Bernd & Hilla Becher (1931-2007/ *1934) range among the most influential artists of our era. The 1960s in north Europe saw the end of the reign of coal and iron. Steel factories and mines were closed down one after the other. At issue was the radical mutation of a world, of a society, and of a landscape. In 1959 Bernd and Hilla Becher began an impressive photographic adventure, the object of which was this industrial patrimony threatened with extinction. They then started what would become one of the largest industrial archives of our era. “When I arrived in Düsseldorf in the 1950s,” says Hilla Becher in an interview, “I was always very moved when looking out of the window of the train and watching the procession of these numerous and strange creatures.” Water towers, blast furnaces, grain elevators, winding towers, cooling towers, gastanks… all objects they photographed with great rigor and according to an unchanging protocol which would become the Bechers’ signature. They photographed the objects from a distance, exclusively in black and white. The photographed object is generally centered and frontally framed. Shadowless, it cuts a profile against a cloudless sky. No effect or reflection appears. Nobody.
The Bechers photographed these industrial installations after they had come to a standstill. Barely photographed, some of these constructions were then dismantled and disappeared forever. Today some of these factories or structures still stand in the landscape as museums or monuments. Similar to entomologists, the Bechers have grouped their images together and classified them according to the object’s family or sub-family, thus creating typologies. Other objects they have photographed from all sides in order to underline, via the progression of images, the sculptural aspect of a same and unique object. Lastly, some sites they studied in a more systematic manner, in which case the artists’ camera indeed explores the entirety of the industrial site, as in the impressive series Zeche Zollern 2, published in 1977 and presented at the Foundation A for the occasion of this exhibition.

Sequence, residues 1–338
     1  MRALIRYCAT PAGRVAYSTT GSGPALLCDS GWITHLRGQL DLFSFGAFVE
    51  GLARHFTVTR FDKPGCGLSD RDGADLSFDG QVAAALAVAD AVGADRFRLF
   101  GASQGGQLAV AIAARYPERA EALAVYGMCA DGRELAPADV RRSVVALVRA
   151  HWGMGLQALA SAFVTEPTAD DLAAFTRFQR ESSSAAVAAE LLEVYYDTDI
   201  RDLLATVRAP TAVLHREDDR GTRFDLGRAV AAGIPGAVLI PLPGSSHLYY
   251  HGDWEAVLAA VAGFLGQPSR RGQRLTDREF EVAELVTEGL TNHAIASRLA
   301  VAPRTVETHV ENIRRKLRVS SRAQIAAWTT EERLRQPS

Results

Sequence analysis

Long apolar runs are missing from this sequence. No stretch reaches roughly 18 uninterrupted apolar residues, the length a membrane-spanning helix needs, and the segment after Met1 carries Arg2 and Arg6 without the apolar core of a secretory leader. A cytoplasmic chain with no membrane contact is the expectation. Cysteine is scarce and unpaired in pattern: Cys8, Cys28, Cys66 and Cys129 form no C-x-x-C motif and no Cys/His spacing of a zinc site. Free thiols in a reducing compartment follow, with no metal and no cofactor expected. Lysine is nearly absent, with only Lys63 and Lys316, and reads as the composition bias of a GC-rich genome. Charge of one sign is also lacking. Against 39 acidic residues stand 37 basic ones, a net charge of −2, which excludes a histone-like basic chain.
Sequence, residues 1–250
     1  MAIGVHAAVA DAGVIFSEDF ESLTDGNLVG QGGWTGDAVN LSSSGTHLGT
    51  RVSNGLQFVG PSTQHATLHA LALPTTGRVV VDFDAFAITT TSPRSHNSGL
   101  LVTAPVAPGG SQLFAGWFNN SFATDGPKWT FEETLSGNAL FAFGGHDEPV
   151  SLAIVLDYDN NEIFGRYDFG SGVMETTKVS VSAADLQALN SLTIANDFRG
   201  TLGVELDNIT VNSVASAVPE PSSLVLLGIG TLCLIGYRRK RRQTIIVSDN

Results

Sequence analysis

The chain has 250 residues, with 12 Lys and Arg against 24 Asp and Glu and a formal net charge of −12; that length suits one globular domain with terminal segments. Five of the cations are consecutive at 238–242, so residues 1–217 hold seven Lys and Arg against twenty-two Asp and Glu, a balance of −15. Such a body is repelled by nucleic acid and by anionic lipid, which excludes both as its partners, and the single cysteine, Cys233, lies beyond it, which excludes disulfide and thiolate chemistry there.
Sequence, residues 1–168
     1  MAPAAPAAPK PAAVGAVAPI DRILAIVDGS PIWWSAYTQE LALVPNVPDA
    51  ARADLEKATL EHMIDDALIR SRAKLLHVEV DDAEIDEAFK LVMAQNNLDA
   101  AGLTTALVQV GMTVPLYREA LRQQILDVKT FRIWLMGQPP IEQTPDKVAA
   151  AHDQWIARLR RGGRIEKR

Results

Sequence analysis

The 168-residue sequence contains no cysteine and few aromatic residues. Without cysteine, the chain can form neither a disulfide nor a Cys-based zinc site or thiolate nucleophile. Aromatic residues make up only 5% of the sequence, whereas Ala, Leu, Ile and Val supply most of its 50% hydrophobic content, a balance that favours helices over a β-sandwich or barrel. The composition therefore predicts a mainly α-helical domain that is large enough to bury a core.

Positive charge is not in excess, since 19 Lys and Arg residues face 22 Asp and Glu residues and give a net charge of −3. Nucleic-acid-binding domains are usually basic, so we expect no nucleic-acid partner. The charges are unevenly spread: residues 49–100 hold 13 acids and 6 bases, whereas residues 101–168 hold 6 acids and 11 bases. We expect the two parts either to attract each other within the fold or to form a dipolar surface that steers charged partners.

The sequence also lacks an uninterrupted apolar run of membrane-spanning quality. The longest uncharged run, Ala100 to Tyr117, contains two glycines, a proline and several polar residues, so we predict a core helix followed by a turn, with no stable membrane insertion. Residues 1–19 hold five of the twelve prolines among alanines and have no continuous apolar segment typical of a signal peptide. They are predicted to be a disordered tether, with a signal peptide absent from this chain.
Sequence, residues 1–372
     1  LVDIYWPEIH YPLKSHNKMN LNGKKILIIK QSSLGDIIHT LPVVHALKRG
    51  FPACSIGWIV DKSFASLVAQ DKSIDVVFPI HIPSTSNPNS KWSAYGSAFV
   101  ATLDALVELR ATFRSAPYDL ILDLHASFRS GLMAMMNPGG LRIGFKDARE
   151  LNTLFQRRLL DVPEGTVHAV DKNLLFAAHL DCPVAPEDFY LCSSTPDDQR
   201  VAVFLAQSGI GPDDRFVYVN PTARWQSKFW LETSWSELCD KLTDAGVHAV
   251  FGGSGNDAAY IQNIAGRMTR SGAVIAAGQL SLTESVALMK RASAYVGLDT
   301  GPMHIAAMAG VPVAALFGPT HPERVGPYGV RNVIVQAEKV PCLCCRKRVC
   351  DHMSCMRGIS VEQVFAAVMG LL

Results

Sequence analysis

The exhibition Bernd & Hilla Becher – Imprimés 1964-2013 is a first. Not only does it present photographs but it is also interested in highlighting the image that the Bechers wish to give of their œuvre, i.e., the representation that they make of it on the basis of printed matter (books, catalogues, limited editions, brochures, invitation cards, posters). The exhibition enables us to understand the various stages of their approach, their transition from a sole photograph to images presented in series. Their typological construction, which was perfectly legible in the first publications, reviews and catalogues, would become less so in the later thematic monographs, in which only a single image is reproduced, page after page.
The exhibition has been organized in cooperation with the Photographische Sammlung/SK Stiftung Kultur, the Galerie Thomas Zander of Cologne, and the Goethe-Institut in Brussels, the exhibition of the Fondation A coincides with another, Bernd et Hilla Becher, Hochofenwerke, presented at the Photographische Sammlung/SK Stiftung Kultur from 20 September 2013 to 26 January 2014.
An exhibition of the Musée de l'Elysée of Lausanne.
Curators: Antoine de Beaupré and Jean-Christophe Blaser for the Musée de l’Elysée.